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Rage, giggles and fishing for clicks: A qualitative study on how clickbaiting affects perceived online news content quality
Linnaeus University, School of Business and Economics, Department of Marketing.
Linnaeus University, School of Business and Economics, Department of Marketing.
Linnaeus University, School of Business and Economics, Department of Marketing.
2018 (English)Independent thesis Advanced level (degree of Master (One Year)), 10 credits / 15 HE creditsStudent thesis
Abstract [en]

Purpose

The purpose of this study is to explore how the use of clickbait marketing strategies by online news outlets affects consumer perceptions of online news content quality.  

Design/methodology/approach

A qualitative, deductive, exploratory and cross-sectional method, wherein data was collected through semi-structured interviews to understand consumer perceptions of how the use of clickbait strategies affects perceived online news content quality. The gathered data was then analyzed with the help of a directed content analysis supported by qualitative content analysis software Atlas.Ti.

Findings

This study found that the use of clickbait content strategies affected the perceived quality of online news content. Furthermore, it was found that there are two primary consumer groups, one of which seeks to avoid clickbait and one of which seems to engage with clickbait. Finally, several new variables were found for perceived news content quality that applied in the online space.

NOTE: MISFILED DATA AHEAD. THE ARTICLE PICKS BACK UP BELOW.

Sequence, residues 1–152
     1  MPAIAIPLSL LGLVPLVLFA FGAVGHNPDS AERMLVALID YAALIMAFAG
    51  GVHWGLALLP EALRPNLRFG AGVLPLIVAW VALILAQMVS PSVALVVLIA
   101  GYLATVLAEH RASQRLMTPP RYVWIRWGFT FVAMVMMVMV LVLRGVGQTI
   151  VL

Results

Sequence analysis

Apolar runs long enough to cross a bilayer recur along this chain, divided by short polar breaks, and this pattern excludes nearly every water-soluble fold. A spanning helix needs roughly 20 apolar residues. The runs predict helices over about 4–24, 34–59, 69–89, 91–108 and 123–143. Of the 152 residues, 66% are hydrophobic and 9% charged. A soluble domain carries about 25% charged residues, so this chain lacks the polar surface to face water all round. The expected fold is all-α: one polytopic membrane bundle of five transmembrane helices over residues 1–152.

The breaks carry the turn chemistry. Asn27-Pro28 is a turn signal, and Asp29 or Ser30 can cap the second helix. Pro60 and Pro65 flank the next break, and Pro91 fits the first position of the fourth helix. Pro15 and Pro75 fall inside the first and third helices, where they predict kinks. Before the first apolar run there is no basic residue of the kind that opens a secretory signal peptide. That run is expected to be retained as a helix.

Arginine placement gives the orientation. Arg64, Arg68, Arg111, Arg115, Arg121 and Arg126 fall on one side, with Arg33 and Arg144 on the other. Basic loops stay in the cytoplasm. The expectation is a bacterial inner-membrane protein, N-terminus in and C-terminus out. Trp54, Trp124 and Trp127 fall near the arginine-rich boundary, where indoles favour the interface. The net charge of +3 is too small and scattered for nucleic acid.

Research limitations/implications

The main implications of this research are that clickbait strategies should be utilized cautiously as they are often found misleading or displeasing, and may cause damage to the publisher. Furthermore, despite clickbait sometimes being entertaining, most clickbait was found to be highly context sensitive. Finally, a number of new variables were found that expanded previous understandings of perceived news quality.

This study was limited by several factors - firstly, a lack of english as a first language which may have resulted in misunderstandings. Secondly, the articles utilized were found to have several shortcomings during the research procedure. Finally, due to the qualitative nature of this study, its findings are non-generalizable.

Place, publisher, year, edition, pages
2018. , p. 75
Keywords [en]
clickbait, marketing, news, online news, clickbaiting, strategy, perceived online news content quality, fake news
National Category
Business Administration
Identifiers
URN: urn:nbn:se:lnu:diva-75384OAI: oai:DiVA.org:lnu-75384DiVA, id: diva2:1215476
Subject / course
Business Administration - Marketing
Educational program
Marketing, Master Programme, 60 credits
Presentation
2018-05-28, H1314V, Linnaeus University, P G Vejdes väg, Vaxjo, 10:00 (English)
Supervisors
Examiners
Available from: 2018-06-11 Created: 2018-06-08 Last updated: 2018-06-14Bibliographically approved

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fulltext(1888 kB)73 downloads
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Lazauskas, DariusJacka, JuliaKažemėkaitė, Ingrida
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CiteExportLink to record
Permanent link

Direct link
Cite
Citation style
  • apa
  • harvard1
  • ieee
  • modern-language-association-8th-edition
  • vancouver
  • Other style
More styles
Language
  • de-DE
  • en-GB
  • en-US
  • fi-FI
  • nn-NO
  • nn-NB
  • sv-SE
  • Other locale
More languages
Output format
  • html
  • text
  • asciidoc
  • rtf